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A secret just being discovered by visitors to the northern Andes is the Mojanda Lakes. Only a few miles north of the equator, the lakes were formed by the collapse of twin volcanoes. Mojanda volcano and Fuya-Fuya volcano both exploded between 200,000 and 165,000 years ago, allowing water to collect within the resulting calderas and forming three separate lakes. At approximately 12,250 feet in elevation, the air temperature is quite chilly at times and the area often surrounded in fog, so tourists didn't visit the lakes often until recently. These Andes Highlands were long inhabited by the local Quichua tribe, the altitude limiting the numbers of outsiders who saw the picturesque crater lakes. Named Caricocha (considered the 'male' lake and largest of the three), Huarmicocha (the female lake) and Yanacocha (the black lake), the lakes are only a few hundred feet apart, but getting from one to another still takes some physical exertion on individual trails. The largest lake is known to reach a depth of about 330 feet, but there are few statistics known about the other two.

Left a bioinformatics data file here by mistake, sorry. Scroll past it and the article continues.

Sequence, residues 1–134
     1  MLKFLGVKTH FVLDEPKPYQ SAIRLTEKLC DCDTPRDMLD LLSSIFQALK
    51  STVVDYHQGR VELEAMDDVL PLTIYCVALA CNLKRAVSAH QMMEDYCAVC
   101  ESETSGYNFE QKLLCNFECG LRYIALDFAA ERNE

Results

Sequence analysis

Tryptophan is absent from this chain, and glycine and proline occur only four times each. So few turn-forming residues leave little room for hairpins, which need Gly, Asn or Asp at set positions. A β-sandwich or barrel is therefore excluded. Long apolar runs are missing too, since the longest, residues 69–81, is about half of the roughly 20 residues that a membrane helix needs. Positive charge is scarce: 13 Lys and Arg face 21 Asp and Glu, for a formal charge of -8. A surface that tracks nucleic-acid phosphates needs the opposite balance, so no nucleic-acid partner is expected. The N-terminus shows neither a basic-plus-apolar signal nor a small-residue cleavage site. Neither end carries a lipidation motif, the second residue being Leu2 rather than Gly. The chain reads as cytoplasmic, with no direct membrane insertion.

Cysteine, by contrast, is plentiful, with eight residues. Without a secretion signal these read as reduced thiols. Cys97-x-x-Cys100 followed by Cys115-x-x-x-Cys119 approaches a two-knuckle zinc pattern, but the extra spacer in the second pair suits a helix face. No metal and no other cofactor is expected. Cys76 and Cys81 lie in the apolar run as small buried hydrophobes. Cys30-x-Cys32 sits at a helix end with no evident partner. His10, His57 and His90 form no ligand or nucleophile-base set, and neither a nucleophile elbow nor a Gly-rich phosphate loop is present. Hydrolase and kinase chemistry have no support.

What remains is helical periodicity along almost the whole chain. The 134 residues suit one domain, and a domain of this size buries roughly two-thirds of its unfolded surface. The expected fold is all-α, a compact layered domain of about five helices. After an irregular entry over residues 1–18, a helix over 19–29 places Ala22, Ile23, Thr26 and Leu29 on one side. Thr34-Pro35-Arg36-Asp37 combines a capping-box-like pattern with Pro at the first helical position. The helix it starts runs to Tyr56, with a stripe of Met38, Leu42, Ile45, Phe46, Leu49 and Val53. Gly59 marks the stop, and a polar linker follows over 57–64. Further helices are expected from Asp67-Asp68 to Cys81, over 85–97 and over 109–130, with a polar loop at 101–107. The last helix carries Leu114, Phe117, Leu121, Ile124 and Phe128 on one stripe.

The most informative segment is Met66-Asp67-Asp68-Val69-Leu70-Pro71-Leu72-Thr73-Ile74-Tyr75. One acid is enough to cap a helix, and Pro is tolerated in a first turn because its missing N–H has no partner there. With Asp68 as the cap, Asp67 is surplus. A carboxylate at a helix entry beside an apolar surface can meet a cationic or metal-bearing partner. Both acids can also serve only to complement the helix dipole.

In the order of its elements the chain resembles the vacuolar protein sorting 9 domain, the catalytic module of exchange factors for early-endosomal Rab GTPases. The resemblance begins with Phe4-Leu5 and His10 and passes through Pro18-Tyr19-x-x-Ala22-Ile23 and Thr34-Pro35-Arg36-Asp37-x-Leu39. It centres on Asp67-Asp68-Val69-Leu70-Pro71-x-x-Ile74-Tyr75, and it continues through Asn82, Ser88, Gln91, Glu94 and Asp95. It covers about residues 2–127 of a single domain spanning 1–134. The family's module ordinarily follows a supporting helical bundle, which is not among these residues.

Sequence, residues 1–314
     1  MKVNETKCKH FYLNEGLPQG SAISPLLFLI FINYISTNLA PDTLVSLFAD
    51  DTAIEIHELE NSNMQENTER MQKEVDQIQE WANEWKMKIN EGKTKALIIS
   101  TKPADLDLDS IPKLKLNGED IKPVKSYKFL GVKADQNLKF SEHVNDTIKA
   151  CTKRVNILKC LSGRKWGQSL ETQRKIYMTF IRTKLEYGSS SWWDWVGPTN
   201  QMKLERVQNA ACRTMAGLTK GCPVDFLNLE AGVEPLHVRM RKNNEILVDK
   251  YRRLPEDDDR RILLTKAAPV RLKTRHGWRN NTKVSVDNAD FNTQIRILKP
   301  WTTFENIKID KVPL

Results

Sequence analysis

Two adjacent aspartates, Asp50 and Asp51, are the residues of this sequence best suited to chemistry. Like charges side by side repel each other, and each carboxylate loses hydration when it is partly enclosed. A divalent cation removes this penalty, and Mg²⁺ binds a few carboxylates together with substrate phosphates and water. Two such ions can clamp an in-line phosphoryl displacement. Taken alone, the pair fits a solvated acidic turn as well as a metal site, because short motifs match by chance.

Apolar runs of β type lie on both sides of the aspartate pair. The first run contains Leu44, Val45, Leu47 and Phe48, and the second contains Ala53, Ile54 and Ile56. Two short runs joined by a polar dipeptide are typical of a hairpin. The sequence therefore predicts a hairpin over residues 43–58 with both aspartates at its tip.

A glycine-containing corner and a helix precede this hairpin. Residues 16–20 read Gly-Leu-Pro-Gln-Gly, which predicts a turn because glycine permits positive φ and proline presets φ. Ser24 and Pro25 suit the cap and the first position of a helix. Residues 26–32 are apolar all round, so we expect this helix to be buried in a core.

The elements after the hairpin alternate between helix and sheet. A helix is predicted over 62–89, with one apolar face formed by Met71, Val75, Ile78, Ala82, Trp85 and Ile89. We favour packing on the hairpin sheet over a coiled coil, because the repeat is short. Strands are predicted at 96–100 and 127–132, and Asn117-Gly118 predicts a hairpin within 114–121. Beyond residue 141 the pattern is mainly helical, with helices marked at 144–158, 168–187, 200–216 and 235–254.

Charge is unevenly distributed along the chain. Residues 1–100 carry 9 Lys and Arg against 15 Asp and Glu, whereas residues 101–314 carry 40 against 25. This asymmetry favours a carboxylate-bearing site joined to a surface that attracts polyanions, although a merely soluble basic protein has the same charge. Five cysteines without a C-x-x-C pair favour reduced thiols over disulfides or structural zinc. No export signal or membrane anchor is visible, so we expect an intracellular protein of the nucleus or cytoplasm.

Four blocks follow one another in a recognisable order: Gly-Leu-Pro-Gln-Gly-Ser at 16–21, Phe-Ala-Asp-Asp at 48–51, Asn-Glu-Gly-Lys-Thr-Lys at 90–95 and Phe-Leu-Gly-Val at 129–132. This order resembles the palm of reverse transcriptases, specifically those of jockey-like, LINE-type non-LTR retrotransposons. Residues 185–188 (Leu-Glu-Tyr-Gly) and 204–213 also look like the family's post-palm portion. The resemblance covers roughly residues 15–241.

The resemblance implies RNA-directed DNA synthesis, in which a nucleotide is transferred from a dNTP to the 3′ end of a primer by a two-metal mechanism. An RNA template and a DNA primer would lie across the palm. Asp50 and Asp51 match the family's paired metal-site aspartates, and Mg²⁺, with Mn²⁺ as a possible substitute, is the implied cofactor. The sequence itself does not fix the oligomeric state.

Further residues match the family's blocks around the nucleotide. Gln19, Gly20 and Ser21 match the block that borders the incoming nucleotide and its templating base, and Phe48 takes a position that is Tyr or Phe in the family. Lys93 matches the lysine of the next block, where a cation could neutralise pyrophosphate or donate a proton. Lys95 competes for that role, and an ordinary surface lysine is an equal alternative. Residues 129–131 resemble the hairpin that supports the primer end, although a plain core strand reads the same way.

The Mojanda Lakes are surrounded by high Andes grasslands and shrubs and is now used for some cattle grazing. Towering over the lakes, the peaks of Fuya-Fuya and Yanahurco mountains offer a number of trails for the physically-fit. There are no villages along the shore and the nearest town of any size is Otavalo, a little over 10 miles to the north. Visitors can hike from Otavalo along a cobbled road, but even the gentle incline to Mojanda is a struggle at this altitude for the un-acclimated visitor. Those wishing to visit Mojanda Lakes often take a taxi from Otavalo and save their energy for trekking near the lakes. The lakes have been held in protected status since 2000, but visitors are allowed to camp for one night in the area. There are no designated campsites or services, and a good high-altitude tent is strongly advised. The only fish in the lakes are introduced rainbow trout, but some tour operators can arrange fishing trips to the lakes. Mountain bike treks can be arranged from Tabacundo to the south but require strong riders for the six-hour uphill climb. Biking from Otavalo is far shorter, but those unsure of their abilities in the thin atmosphere should work with a recognized tour operator for safety. The government of Ecuador advises visitors to these isolated places to travel in groups of four or six people; although the native people are friendly and welcoming, the occasional robbery does occur.